Traditionally, a dependency grammar belongs to the class of grammars that emphasize words rather than constituents.
Grammars that are built primarily on constituents are known as phrase structure grammars. Phrase structure grammars are thus constituent-based,
while dependency grammars are word-based.
While phrase structure grammars see sentences and clauses structured in terms of constituents, dependency grammars assume that sentence and clause structure derives from dependency relationships between words. The difference is illustrated in the trees below:
Tree (or phrase marker) (a) shows what a traditional phrase structure grammar would view as the structure of the sentence They killed
the man with a gun. One can see, for instance, that the preposition with forms a prepositional phrase with the noun phrase
a gun. Compare this to the dependency tree (b): here the preposition dominates the noun gun, which in turn
dominates the article a.
When one compares the number of nodes across the two trees, one finds that (a) contains 12 nodes, while (b) only contains 7 nodes. On the assumption that two representations convey the same utterance, the one that does so without explanatory deficiencies is called more minimal with respect to the other. In general, dependency grammars are more minimal than phrase structure grammars because they assume less structure.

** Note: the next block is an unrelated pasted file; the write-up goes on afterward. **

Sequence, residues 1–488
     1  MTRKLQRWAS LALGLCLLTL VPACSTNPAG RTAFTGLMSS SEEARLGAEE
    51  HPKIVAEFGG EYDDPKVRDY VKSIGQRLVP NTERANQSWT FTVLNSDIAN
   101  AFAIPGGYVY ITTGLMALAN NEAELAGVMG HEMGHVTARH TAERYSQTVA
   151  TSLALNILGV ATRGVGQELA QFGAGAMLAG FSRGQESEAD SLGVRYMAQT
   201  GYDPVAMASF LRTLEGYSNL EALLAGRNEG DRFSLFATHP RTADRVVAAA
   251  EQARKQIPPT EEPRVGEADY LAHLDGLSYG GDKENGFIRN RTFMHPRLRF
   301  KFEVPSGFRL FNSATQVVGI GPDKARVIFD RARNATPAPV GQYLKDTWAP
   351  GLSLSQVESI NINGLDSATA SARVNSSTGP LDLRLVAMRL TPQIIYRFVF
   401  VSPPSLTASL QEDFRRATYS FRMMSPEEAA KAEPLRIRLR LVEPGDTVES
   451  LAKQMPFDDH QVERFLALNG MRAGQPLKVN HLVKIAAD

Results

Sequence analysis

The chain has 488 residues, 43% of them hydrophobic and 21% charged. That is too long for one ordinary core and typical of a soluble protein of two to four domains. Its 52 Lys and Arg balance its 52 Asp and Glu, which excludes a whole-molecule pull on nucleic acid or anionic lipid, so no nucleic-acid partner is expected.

A second point to acknowledge is that the term grammar can have two meanings; one meaning is rather general and refers to how linguistic units are structured.
In this broader sense, grammar is a hyperonym to syntax, morphology, and phonology. The narrow meaning refers only to syntax.
The word grammar in dependency grammar is traditionally understood in the narrow sense, i.e. dependency grammars are theories of syntax, but not theories of
morphology or phonology. The motivation for understanding dependency grammars as dependency syntaxes comes from their being word-based. Historically, dependency
grammars have struggled to establish themselves in the broader sense of grammar.
The grammar explained here differs from traditional dependency grammars insofar as it is catena-based. Since catenae operate in syntax as well as in morphology, a catena-based dependency grammar can hope to become a grammar in the broader sense. Even though the ultimate aim is to see the distinction between syntax and morphology as a continuum, the discussion here will branch out into a syntax section and a morphology section.